Norway plans to fully lift its lockdown with schools opening on Monday after successfully flattening the curve

Norway is about to lift its quarantine by the middle of June, after suffering only a little over 200 coronavirus fatalities.

The Scandinavian country was among the first European nations to import strict social distancing measures on March 12, as Mail Online reports. Currently, the Norwegian government plans on having almost all restrictions lifted by June 15, after successfully flattening the curve.

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By May 8, in Norway, there are 8,034 confirmed COVID-19 cases, with only 217 deaths. In contrast, their neighbor Sweden has suffered 24,623, with 3,040 fatalities, which is approximately 14 times more than Norway’s death toll.

Presently, as Norway is aiming to return to normal, Sweden still needs to keep its restrictions in place to keep the coronavirus cases down.

On Thursday, May 7, the Norwegian Prime Minister Erna Solberg announced that the lockdown restrictions will be gradually removed, starting Monday, May 11.

For instance, public gatherings of up to 50 people will be allowed, as well as private gatherings of 20 people, provided social distancing can be maintained. Moreover, workplaces and sports halls will reopen, as long as they practice strict social distancing too.

What’s more, on May 11, schools and colleges will reopen as well, provided infection rates stay down. However, bars and amusement parks will follow suit on June 1.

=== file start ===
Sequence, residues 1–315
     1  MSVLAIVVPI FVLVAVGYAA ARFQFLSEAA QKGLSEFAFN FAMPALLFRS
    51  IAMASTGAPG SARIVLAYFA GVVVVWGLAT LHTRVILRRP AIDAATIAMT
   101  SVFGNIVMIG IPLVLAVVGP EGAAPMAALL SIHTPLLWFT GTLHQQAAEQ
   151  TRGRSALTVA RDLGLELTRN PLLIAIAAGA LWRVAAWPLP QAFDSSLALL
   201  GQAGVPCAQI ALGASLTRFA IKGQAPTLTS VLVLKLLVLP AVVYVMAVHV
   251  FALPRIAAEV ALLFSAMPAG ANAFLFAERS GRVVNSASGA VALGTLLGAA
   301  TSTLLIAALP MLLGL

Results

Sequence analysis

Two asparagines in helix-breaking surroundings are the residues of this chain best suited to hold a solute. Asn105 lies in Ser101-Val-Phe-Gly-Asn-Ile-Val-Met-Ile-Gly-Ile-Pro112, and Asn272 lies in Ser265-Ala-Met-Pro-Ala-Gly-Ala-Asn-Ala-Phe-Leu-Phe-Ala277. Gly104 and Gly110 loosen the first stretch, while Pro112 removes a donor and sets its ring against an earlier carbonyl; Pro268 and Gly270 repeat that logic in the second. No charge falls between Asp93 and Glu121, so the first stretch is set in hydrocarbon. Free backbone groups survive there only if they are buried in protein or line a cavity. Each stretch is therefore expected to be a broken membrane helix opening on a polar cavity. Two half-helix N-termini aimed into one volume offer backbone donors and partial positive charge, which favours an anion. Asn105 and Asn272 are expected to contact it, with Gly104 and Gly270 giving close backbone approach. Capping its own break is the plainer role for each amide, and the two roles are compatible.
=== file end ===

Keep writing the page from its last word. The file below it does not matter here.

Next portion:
In Norway, the complete lockdown lifting is projected to happen on June 15.

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The Prime Minister stated:

“You have shown us patience, now it is our turn to give back. That is why we are presenting a plan to reopen Norway, a plan to take back everyday life.”

The decision of lifting the quarantine comes as the country reached the milestone in beating coronavirus – having an ‘R’ figure of less than 1.0. Currently, the Norwegian ‘R’ figure, or the number of people each virus carrier infects on average, is only 0.49. This means COVID-19 in the country is in a downturn.

Acknowledging that her country has kept its numbers on the low, at a Friday press conference, Solberg said:

“Our goal is that by June 15 we will have reopened most of the things that were closed. But there is an important condition. We will only end confinement on these dates if we manage to keep the epidemic under control.”

Meanwhile, the Swedish government has grappled with severe criticism over being too slow to react to the outbreak.

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They are also being blamed for not doing enough to safeguard the elderly in care homes, as nearly 90% of the coronavirus fatalities in the country are in people aged over 70.

Although Sweden banned all visits to care homes, this restriction wasn’t enough to stop the virus from spreading. In an interview for FOX News, Sweden’s ambassador to the US Karin Ulrika Olofsdotter confessed:

“That’s, of course, a big failure we have and it’s something that we’re working on.” 

Since Sweden has decided not to import full lockdown on its residents, bars and restaurants have remained open even in worst-hit Stockholm. Besides, primary schools have also continued teaching without interruption.

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Unfortunately, this strategy wasn’t as successful as the Swedish government believed it would be. The numbers, compared to their other Nordic neighbors, remain unfavorable to Sweden, even taking into account the differences in population and density.

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